How Blood Test Results Can Affect Chemotherapy
What a blood test can tell you
When someone is undergoing chemotherapy to treat cancer, a lot hinges on the blood test results that precede each chemotherapy session. Low counts can indicate serious side effects, including fatigue, bruising, and vulnerability to infection -- and can also mean that treatment must be postponed while his body heals.
Complete blood counts, or CBCs, are routinely performed during chemotherapy and other cancer treatments to check the number of each type of blood cell circulating in the body. This test is also called a hemogram.
White blood cells, or neutrophils, fight infection; red blood cells, also known as erythrocytes, pick up oxygen in the lungs and carry it to the tissues. CBCs note any shortage of red blood cells, which is the definition of anemia and leads to low oxygen levels in the blood. In addition, CBCs count platelets, which are components of red blood cells that enable blood to clot.
- Low red blood count = fatigue, low energy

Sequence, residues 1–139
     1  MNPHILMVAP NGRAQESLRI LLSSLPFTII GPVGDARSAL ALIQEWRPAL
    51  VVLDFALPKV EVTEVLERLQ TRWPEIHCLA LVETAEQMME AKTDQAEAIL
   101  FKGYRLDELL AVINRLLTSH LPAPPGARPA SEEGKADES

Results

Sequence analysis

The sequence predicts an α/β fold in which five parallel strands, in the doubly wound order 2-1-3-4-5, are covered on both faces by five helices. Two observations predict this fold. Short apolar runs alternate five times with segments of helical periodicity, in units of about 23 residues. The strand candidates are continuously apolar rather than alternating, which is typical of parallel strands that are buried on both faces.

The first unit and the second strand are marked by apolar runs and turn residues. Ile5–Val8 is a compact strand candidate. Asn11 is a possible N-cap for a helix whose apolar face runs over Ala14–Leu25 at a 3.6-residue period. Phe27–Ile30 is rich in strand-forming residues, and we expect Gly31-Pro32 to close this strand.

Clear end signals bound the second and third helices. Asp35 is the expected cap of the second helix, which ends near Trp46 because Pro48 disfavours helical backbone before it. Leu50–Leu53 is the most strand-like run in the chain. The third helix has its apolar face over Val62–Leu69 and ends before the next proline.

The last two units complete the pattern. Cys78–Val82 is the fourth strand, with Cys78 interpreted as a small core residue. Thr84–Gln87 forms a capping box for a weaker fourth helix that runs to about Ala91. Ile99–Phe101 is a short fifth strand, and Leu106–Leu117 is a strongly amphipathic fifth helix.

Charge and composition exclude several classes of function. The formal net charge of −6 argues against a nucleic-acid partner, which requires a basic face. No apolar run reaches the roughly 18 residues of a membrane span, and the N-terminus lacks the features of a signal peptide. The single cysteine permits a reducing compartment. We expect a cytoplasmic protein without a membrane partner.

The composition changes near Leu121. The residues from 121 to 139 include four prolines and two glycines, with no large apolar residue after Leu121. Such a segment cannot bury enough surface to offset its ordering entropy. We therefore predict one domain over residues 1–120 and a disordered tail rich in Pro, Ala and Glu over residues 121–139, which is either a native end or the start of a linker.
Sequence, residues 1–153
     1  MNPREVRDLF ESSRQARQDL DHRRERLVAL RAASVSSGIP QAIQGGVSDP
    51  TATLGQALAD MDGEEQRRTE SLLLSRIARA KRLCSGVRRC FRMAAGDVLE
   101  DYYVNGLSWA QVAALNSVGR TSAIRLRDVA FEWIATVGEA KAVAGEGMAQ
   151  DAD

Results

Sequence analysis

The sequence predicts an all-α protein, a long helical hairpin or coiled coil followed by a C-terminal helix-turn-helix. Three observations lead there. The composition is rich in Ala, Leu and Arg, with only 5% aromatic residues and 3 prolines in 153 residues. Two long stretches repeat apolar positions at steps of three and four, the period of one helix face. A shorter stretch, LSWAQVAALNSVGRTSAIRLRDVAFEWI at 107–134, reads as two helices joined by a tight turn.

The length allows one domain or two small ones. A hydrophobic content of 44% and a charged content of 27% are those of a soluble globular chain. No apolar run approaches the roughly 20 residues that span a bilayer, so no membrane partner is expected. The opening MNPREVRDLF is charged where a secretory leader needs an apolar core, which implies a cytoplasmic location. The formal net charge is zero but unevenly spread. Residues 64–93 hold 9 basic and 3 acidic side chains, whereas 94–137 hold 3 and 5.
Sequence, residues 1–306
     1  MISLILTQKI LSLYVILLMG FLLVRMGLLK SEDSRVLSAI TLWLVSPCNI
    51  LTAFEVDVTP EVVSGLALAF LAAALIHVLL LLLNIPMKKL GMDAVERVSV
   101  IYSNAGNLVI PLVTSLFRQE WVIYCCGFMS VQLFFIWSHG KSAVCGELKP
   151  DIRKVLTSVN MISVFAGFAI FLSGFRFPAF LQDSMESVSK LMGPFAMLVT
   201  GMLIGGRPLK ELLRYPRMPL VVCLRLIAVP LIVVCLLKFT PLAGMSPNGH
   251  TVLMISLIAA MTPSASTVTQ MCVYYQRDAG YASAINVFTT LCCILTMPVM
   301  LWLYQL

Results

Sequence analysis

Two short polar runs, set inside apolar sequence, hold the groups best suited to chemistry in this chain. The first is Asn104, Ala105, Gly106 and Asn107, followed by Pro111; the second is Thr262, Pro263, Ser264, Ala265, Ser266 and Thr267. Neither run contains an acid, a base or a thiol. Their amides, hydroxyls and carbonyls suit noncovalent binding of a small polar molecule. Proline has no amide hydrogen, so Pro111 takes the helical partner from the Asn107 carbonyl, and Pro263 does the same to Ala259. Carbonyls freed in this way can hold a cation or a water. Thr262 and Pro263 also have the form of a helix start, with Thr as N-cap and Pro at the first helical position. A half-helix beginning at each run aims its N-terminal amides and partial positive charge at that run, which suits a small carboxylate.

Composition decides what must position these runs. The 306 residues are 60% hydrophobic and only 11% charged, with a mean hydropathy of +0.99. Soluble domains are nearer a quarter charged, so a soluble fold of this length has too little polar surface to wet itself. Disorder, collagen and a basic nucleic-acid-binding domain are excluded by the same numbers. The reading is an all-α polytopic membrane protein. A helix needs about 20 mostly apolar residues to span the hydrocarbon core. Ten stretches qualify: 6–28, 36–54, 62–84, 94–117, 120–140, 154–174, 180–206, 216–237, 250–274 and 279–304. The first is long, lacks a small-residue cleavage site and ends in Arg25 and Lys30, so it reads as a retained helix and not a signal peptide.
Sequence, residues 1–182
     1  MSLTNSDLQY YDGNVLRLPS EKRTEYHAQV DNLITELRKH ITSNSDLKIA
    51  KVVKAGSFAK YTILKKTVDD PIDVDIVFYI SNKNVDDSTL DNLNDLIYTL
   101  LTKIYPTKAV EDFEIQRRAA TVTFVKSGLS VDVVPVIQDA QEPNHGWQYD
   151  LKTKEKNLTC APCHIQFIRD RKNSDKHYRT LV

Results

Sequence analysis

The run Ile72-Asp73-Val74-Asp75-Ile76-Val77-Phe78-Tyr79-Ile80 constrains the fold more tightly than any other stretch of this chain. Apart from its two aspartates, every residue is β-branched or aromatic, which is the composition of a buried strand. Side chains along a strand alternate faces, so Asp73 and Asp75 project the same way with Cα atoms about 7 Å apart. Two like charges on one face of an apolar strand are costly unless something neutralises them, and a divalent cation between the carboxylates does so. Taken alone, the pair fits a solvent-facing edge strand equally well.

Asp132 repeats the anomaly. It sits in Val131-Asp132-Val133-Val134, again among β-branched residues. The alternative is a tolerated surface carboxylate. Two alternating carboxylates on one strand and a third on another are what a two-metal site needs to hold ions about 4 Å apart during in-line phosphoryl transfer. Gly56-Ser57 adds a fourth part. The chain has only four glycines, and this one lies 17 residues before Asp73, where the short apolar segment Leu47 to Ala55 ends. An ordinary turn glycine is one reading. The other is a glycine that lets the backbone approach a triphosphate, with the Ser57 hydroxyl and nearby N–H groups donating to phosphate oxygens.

- Low platelets = bruising and bleeding
- Low white blood count = susceptibility to infection
What are normal ranges for CBCs?
These vary a bit depending on the lab, so the ranges that follow are guidelines rather than absolutes. Be sure to ask for a copy of the CBC each time it's performed, and look at the lab results sheet for the normal range for that lab. Still, there are some general rules of thumb:
Red blood cells (RBC)
Normal for men: 4.5 to 6.2 million per microliter (a single drop)
Normal for women: 4.2 to 5.4 million per microliter
White blood cells
Normal for men and women: 3,700 to 10,000 per microliter
Lowest level at which someone is safe from infection: 1,000
Normal range for men and women: 150,000 to 450,000 per microliter
Lowest level at which someone's blood can still clot normally: 100,000
Level at which there's a risk of spontaneous bleeding: 50,000
Level at which bleeding can become life-threatening: 5,000